• Disabled access The main exit is three street stairs and an elevator at Broadway and 207th Street. The elevator is at the northwest corner while one stair leads from the other three corners.[11]
  • The north exit is two street stairs to either northern corner of Broadway, Isham Street, and 211th Street.[11]

There is also a closed exit that led to the northwest corner of 207th Street and Broadway. This stair was located inside a building and had been closed after it was severely damaged after a fire. Several turns were required to access the staircase, creating poor sight-lines. In June 1994, the MTA Board approved a plan to permanently close the entrance, allowing the passageway to be sealed with brick-and-mortar at either end. At this point, the entrance had been closed for several years. It was estimated that the entrance would have been used by 400 daily passengers. A public meeting was held on May 1994, along with proposed station access changes at other stations.[12] The elevator entrance is located near this old staircase.

Nearby points of interest


  1. ^ "Glossary". Second Avenue Subway Supplemental Draft Environmental Impact Statement (SDEIS) (PDF). 1. Metropolitan Transportation Authority. March 4, 2003. pp. 1–2. Archived from the original (PDF) on February 26, 2021. Retrieved January 1, 2021.
  2. ^ a b "List of the 28 Stations on the New 8th Av. Line". The New York Times. September 10, 1932. p. 6. ISSN 0362-4331. Retrieved April 21, 2020.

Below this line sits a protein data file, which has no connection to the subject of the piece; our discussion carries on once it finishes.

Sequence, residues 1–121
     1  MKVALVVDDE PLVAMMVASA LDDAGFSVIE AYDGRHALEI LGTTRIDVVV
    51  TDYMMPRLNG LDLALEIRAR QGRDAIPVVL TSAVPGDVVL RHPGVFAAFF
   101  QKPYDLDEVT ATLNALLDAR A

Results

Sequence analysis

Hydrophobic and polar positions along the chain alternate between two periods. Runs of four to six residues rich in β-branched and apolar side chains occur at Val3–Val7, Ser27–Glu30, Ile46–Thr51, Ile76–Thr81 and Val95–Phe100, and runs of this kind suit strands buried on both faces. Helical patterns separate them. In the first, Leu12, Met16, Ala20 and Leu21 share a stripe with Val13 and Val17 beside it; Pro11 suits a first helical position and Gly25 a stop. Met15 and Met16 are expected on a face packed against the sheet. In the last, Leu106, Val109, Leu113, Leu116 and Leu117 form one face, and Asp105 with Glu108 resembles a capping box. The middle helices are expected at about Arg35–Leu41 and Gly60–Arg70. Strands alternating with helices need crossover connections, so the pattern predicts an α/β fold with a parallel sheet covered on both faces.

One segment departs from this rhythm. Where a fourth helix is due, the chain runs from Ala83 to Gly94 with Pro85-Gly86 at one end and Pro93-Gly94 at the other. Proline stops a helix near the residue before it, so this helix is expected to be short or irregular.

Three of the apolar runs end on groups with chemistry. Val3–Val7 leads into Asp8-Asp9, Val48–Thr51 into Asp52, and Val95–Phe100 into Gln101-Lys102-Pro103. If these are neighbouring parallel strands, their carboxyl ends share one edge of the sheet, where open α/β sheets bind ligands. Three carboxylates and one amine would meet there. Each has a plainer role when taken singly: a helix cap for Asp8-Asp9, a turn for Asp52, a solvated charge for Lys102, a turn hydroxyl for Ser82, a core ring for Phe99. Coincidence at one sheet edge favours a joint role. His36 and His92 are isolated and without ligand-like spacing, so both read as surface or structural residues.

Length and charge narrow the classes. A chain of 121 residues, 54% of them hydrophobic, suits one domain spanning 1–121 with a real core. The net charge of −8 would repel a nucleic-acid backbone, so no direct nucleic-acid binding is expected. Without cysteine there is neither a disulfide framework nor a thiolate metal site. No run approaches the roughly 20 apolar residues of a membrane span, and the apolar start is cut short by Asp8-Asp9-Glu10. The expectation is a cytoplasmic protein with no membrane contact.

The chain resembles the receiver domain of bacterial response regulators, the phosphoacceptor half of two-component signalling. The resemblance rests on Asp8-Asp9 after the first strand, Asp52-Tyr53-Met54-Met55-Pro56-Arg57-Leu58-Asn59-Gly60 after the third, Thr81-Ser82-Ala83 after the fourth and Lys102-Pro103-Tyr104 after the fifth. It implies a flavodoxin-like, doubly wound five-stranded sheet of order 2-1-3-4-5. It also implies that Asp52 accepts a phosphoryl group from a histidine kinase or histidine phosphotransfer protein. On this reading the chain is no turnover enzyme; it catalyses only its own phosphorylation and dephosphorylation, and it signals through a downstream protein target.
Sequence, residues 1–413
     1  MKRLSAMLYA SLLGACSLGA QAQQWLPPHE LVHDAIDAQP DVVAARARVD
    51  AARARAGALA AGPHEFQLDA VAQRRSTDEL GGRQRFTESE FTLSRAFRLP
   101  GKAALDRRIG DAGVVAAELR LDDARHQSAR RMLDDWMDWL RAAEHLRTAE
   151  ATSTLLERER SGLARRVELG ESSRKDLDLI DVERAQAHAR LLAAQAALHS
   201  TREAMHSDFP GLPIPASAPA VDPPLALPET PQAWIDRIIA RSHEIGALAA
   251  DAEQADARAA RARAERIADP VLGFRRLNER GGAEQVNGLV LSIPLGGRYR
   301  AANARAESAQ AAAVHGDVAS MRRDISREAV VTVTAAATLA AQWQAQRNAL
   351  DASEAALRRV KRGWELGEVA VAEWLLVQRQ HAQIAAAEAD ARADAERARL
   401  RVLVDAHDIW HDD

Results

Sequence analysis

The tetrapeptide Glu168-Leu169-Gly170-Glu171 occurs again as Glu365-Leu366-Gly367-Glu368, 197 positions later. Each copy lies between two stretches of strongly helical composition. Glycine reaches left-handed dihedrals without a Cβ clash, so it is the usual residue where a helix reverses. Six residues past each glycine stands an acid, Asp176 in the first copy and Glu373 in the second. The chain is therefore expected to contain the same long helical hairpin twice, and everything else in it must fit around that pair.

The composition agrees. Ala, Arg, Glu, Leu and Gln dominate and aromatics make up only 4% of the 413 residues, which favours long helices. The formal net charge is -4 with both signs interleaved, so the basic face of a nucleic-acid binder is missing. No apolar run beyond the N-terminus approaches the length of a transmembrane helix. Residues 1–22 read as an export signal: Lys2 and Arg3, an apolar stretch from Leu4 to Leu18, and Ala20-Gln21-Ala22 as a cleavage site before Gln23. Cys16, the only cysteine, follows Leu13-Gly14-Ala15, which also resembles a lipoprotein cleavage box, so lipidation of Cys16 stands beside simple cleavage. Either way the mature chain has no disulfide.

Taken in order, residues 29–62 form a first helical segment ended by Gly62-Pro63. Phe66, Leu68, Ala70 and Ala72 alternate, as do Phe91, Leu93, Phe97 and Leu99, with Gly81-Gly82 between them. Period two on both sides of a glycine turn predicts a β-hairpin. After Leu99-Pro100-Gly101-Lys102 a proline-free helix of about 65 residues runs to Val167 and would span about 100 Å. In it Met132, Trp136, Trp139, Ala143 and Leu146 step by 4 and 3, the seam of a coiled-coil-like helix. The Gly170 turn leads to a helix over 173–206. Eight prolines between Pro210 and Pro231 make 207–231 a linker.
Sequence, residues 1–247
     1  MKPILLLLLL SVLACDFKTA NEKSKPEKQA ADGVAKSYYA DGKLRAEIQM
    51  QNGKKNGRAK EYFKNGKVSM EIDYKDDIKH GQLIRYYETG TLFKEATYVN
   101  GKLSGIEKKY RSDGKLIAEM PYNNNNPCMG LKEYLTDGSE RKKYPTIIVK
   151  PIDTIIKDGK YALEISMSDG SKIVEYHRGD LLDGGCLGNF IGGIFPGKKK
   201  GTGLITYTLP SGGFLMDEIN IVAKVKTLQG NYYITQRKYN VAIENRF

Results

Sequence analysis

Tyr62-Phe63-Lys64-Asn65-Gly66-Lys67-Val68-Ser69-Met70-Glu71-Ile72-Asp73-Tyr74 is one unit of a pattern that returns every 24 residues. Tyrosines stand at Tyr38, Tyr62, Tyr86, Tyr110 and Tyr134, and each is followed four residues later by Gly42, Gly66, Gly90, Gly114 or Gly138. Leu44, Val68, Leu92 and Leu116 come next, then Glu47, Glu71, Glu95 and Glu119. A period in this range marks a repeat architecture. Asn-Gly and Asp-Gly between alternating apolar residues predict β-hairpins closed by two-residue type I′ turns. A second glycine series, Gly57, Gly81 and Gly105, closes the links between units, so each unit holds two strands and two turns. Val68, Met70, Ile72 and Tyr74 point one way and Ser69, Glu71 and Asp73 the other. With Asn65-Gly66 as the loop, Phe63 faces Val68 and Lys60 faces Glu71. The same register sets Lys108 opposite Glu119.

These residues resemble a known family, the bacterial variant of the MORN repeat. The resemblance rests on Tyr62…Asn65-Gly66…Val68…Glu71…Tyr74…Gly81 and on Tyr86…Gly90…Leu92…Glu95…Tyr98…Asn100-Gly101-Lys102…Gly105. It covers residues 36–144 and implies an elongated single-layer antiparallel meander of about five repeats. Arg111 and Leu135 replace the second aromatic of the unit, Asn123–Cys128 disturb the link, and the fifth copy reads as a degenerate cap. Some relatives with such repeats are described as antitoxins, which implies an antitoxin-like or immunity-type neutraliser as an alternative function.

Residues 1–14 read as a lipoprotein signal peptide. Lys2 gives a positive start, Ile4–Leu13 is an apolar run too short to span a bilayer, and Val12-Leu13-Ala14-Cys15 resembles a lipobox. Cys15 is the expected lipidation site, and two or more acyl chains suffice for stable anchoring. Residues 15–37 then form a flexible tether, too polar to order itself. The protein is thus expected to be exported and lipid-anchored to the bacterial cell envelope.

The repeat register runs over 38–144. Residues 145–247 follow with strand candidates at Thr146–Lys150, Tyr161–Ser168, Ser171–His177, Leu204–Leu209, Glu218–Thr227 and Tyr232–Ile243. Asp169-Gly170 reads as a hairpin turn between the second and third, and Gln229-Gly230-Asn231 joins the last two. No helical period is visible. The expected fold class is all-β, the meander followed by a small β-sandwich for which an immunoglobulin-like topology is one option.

3. ^ "Station Developers' Information". Metropolitan Transportation Authority. Retrieved June 13, 2017.
  4. ^ "Facts and Figures: Annual Subway Ridership 2014–2019". Metropolitan Transportation Authority. 2020. Retrieved May 26, 2020.
  5. ^ a b "Facts and Figures: Annual Subway Ridership 2014–2019". Metropolitan Transportation Authority. 2020. Retrieved May 26, 2020.
  6. ^ Crowell, Paul (September 10, 1932). "Gay Midnight Crowd Rides First Trains In The New Subway: Throngs at Station an Hour Before Time, Rush Turnstiles When Chains are Dropped" (PDF). New York Times. Retrieved November 8, 2015.
  7. ^ a b c d Review of the A and C Lines (PDF) (Report). Metropolitan Transportation Authority. December 11, 2015. Archived from the original (PDF) on February 3, 2020. Retrieved January 19, 2016.
  8. ^ NYC Transit Committee Agenda May 1994. New York City Transit. May 16, 1994.
  9. ^ Dougherty, Peter (2006) [2002]. Tracks of the New York City Subway 2006 (3rd ed.). Dougherty. OCLC 49777633 – via Google Books.
  10. ^ "207 Street (A)". Archived from the original on April 29, 2020. Retrieved April 29, 2020.
  11. ^ a b c d "MTA Neighborhood Maps: Inwood" (PDF). Metropolitan Transportation Authority. 2015. Retrieved July 29, 2016.
  12. ^ * NYC Transit Committee Agenda June 1994. New York City Transit. June 10, 1994. pp. D.101.

External links

This page was last edited on 18 January 2022, at 03:43